‘Obviously he and Yealland [another doctor] were both in the business of controlling people. Each of them fitted young men back into the role of warrior, a role they had -however unconsciously- rejected. He’d found himself wondering once or twice recently what possible meaning the restoration of mental health could have in relation to his work. Normally a cure implies that the patient will no longer engage in behavior that is clearly self-destructive., But in the present circumstances recovery meant the resumption of activities that were not merely self-destructive but positively suicidal.’

Rivers here also recognizes his own role as a Doctor in helping the war machine to continue. This is despite the fact that he and Yealland (a Doctor who practices sadistic treatments on his patients) have opposite ways of helping soldiers, however, they have the same goal in the end, the regeneration of soldiers for war.

It would also be wrong not to mention something (not as much as I would like as I am running out of time) about Gender and Regeneration. In an interview Pat Baker said that “[Regeneration] is trying to tell something about the parts of war that don’t get into the official accounts”. This is particularly true of women in war fiction and nonfiction, Baker had a very different idea in mind as she said in the same interview, ‘In a lot of books about war by men the women are totally silenced. The men go off and fight and the women stay at home and cry; basically, this is the typical feature.’ Baker has also pointed out that the women in the munitions factories were expected to produce weapons to kill thousands, but a woman who attempts to abort her unborn child is criticized.

This is mainly done through the character of Sarah who works with a bunch of other women in a munitions factory and eventually forms a relationship with Billy Prior, a patient from the hospital. She is a tough, confident working class women character- something rare in fiction and this is important as most of the book is about men and conflicts between different men. Sarah and her friends are – unknowingly- being poisoned by their work, as the chemicals in the factory bleach their skin yellow. Baker then points out some of the contradictions of life for working class women during the war. Many of them were able to gain a level of independence and therefore confidence they never had before thanks to employment opening up due to the shortage of men. However this work was also grueling and exploitative.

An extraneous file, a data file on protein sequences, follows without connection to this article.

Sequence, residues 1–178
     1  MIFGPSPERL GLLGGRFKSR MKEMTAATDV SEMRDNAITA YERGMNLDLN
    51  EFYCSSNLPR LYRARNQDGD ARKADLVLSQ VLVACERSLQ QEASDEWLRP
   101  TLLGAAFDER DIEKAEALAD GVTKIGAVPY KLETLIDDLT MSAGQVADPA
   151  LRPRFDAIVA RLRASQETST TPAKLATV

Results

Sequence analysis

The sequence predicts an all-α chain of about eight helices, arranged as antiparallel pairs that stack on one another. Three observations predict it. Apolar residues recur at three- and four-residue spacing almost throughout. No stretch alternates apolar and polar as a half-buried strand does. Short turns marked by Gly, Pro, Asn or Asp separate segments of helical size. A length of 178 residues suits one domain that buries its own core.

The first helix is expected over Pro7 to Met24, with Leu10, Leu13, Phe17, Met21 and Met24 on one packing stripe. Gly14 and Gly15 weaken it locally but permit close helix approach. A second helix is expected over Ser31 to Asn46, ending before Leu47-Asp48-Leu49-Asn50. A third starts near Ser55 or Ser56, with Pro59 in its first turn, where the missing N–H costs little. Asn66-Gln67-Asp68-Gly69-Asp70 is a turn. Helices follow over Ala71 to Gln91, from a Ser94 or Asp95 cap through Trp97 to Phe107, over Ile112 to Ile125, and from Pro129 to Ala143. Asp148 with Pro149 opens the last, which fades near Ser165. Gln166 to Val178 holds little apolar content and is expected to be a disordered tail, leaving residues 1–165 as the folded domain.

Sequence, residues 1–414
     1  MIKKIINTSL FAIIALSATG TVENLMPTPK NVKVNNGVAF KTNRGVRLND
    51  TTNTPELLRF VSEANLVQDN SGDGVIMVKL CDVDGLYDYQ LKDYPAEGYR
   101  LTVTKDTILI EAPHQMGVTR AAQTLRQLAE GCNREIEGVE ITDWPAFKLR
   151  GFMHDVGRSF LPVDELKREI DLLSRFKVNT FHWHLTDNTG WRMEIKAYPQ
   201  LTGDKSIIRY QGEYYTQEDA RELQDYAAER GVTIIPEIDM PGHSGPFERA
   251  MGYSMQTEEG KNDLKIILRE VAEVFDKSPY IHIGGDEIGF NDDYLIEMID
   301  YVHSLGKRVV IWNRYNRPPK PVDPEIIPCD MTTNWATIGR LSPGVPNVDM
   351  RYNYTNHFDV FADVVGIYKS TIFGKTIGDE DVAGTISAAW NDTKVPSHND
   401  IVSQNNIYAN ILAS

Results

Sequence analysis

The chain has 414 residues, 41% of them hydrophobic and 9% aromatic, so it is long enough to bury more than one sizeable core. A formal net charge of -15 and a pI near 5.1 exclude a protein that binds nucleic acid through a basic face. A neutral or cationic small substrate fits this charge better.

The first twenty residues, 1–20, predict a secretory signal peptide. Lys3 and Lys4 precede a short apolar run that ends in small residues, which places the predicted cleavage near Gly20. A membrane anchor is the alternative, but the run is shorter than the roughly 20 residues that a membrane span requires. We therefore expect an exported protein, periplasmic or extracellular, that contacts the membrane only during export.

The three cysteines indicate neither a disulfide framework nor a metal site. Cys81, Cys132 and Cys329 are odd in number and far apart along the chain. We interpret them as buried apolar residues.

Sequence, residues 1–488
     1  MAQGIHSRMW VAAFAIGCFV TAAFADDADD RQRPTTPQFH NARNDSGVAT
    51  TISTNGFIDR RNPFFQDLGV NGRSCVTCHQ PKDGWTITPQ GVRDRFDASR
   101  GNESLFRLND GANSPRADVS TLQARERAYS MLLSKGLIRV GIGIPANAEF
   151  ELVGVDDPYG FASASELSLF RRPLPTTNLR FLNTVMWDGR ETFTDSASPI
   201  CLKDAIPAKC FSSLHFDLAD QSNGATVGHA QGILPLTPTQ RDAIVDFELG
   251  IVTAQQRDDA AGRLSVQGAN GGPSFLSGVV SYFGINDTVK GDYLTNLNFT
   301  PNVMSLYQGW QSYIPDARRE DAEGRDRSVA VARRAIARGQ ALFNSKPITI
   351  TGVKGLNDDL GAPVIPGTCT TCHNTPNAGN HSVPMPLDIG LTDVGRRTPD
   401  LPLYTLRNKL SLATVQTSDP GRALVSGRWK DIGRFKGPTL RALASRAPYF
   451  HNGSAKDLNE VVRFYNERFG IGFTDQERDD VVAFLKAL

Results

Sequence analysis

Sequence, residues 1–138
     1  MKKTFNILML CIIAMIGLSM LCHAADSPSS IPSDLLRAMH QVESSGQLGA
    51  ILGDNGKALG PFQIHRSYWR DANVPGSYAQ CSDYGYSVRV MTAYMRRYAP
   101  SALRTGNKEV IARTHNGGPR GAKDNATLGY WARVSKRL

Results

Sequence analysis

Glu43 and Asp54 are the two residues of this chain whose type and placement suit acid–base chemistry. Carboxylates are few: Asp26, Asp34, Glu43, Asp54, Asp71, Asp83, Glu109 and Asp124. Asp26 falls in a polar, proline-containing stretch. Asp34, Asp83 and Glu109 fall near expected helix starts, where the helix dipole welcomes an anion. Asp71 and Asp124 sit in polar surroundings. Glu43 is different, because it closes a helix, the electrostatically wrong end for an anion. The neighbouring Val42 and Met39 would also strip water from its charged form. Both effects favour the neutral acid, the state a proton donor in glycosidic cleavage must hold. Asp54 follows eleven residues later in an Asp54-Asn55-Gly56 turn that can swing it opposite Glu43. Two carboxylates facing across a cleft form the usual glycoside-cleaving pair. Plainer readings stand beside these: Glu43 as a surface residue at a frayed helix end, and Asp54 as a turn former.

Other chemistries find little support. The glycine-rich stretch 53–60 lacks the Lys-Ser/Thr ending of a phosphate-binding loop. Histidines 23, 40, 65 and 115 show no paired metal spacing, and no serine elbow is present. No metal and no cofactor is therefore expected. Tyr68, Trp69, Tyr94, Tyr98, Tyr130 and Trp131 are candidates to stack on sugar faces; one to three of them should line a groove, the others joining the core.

This is not to say that the way that Baker deals with women’s oppression is perfect – its not, in particular the way the nurses are portrayed –  but detailing the lives of working class women in a sympathetic way that tries to grapple with the contradictions of their position in society is definitely a step better than most fiction.

There is also some talk about homosexuality and British society during the war. Sassoon implies that he is gay when talking to his Doctor Rivers and they briefly chat aboutEdward Carpenter the writer of The Intermediate Sex . Sassoon thinks that the conditions for gays are getting better but Rivers tells him otherwise:

‘I think they were. Before the War. Slightly, But it’s not very likely, is it, that any movement towards greater tolerance would persist in wartime. After all, in war you’ve got this enormous emphasis on love between men – comradeship – and everybody approves. But a the same time there’s always this little niggle of anxiety. Is it the right king of live? Well, one of the ways you make sure it’s the right kind is to make it crystal clear what the penalties for the other kind are.’

So, in short Pat Baker’s novel is great piece of anti-war fiction that should tide you over the current War Horse hysteria. I might give the final words to Wilfred Owen, another soldier and anti-war poet who also appears as a minor character in the novel.


Bent double, like old beggars under sacks,
Knock-kneed, coughing like hags, we cursed through sludge,
Till on the haunting flares we turned our backs
And towards our distant rest began to trudge.
Men marched asleep. Many had lost their boots
But limped on, blood-shod. All went lame; all blind;
Drunk with fatigue; deaf even to the hoots
Of gas-shells dropping softly behind.

Gas! GAS! Quick, boys!—An ecstasy of fumbling
Fitting the clumsy helmets just in time,
But someone still was yelling out and stumbling
And flound’ring like a man in fire or lime.—
Dim, through the misty panes and thick green light,
As under a green sea, I saw him drowning.

In all my dreams before my helpless sight
He plunges at me, guttering, choking, drowning.

If in some smothering dreams you too could pace
Behind the wagon that we flung him in,
And watch the white eyes writhing in his face,
His hanging face, like a devil’s sick of sin,
If you could hear, at every jolt, the blood
Come gargling from the froth-corrupted lungs,
Bitter as the cud
Of vile, incurable sores on innocent tongues,—
My friend, you would not tell with such high zest
To children ardent for some desperate glory,
The old Lie: Dulce et decorum est
Pro patria mori.*

*It is sweet and fitting to die for one’s country.

PS. Sorry about the lateness of this post, it was a longer one than usual.